A CCTV (Closed Circuit Television) system provides security using multiple cameras connected to a viewing monitor and recording device. Once set-up, you can monitor any space covered by your installed CCTV cameras, watching in real-time for intruder movements, or watching recorded video picked up by the cameras. CCTV systems vary, depending on the amount of space covered, the equipment used for the set-up and the reasoning behind creating the set-up. What CCTV systems have in common is the ability to add a layer of visibility to the surveillance area, acting as an additional pair of eyes.
- Skill level:
Things you need
- Closed circuit cameras
- False face plates
- Data wire
- Camera power cables
- Recording device
- Network router
- CCTV monitoring software
Select your CCTV equipment to suit your needs. Determine whether you require constant 24/7 surveillance with high quality details capable of facial recognition, or whether you can use something less technical as an early warning system capable of alerting a watcher that there's someone in the visual range of the cameras. Choose between colour and black and white cameras. Colour is more expensive, but provides higher detail when trying to identify a person or vehicle caught on the image. Choose the lowlight capability of your cameras as well. If operating in a dark area, you'll need a camera capable of picking out details in lowlight situations. The better the lowlight capability, the more the camera will cost. Purchase cameras to fit the quality level you require.
Place the cameras so that they provide complete coverage of the surveillance area. Make sure the camera display angles overlap slightly and that there are no blind spots in the camera placement. Mount the cameras in protective housing if exposed to the elements. Hide the cameras behind specially constructed face plates if you wish for less visible coverage of the surveillance area.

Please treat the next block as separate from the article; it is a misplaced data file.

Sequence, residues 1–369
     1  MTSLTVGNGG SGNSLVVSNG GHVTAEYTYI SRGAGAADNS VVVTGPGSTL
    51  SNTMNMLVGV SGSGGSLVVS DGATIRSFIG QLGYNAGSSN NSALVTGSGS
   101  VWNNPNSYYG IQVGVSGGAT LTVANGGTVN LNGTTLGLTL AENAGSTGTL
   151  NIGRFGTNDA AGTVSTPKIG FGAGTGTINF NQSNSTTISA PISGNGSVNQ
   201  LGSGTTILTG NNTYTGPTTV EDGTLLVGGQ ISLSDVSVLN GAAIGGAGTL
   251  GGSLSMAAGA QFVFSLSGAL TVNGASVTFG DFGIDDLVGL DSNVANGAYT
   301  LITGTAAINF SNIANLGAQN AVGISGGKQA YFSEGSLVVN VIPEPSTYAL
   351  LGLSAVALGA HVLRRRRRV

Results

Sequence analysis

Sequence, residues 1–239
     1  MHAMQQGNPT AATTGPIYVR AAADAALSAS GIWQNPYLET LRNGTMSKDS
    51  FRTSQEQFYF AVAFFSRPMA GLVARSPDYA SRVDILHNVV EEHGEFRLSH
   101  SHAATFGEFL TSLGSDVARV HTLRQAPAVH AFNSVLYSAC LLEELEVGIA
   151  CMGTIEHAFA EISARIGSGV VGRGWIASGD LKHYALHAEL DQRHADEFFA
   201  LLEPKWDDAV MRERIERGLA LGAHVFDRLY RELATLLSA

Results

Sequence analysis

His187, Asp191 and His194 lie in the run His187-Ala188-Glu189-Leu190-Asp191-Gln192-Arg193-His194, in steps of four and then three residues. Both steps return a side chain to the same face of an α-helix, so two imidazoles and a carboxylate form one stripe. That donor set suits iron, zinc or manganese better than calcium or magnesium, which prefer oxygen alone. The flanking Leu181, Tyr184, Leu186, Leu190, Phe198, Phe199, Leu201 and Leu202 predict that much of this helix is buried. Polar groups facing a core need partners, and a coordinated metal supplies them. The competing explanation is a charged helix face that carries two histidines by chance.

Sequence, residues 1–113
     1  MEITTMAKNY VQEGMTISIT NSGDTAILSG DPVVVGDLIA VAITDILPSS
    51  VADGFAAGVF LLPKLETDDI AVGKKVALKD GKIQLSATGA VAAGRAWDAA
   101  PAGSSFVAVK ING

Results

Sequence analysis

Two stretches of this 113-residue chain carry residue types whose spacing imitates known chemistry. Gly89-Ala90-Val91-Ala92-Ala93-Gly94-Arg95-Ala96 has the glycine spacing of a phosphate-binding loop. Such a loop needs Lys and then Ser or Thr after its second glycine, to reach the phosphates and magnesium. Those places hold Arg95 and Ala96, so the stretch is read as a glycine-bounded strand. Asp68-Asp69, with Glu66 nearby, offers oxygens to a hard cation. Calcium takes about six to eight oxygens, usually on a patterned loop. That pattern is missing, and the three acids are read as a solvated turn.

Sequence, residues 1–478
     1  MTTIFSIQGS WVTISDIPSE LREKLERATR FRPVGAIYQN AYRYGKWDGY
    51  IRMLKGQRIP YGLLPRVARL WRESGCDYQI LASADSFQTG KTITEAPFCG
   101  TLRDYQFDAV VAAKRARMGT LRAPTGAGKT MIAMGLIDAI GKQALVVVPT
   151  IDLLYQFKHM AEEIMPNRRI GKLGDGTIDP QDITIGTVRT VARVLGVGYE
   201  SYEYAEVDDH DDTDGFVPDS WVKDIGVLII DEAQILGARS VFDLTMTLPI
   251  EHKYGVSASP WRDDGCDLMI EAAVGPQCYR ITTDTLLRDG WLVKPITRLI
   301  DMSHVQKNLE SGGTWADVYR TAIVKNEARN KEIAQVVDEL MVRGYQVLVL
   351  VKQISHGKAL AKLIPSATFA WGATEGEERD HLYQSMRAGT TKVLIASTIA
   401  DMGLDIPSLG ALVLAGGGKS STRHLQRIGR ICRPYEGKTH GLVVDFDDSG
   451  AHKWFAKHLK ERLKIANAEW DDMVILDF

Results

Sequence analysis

Install the data wiring to the cameras and route the wiring to a central surveillance area. Most CCTV systems use coaxial cables, though some newer systems require Ethernet networking cable like those used in computer networks. Keep the wires off the ground and out of reach of anyone who may wish to cut access to a specific camera. Wireless cameras exist that do not require wiring, but you must provide power for use. Like other wireless devices, wireless cameras are subject to outside interference by other electronic items using the same frequency as the camera signal.
Attach the cameras to a power source near each camera.
Connect the CCTV camera to a monitor and a recording device in the central surveillance area. Choose your recording device according to need. VCRs can record video cleanly, but require scheduled tape changes as well as storage space for old tapes. A DVR can record for longer periods of time, depending on the quality of the CCTV data and video can be backed up onto DVDs for easy storage. You will require a specially made integration unit for your CCTV input, especially if utilising multiple cameras. You can display multiple cameras at once using CCTV software and a PC on a single monitor or by installing a squad switch to the VCR serving as your recording device. Make certain your monitor is capable of high resolution, and is large enough in size so that you can still see detail from the multiple images.
Network wireless cameras into a centralised computer network using a router. Detect each of the cameras' IP addresses using the CCTV system's control PC and add each to the network. Start the monitoring software and then add each of the networked cameras to the system so that you can begin monitoring and recording the camera data.
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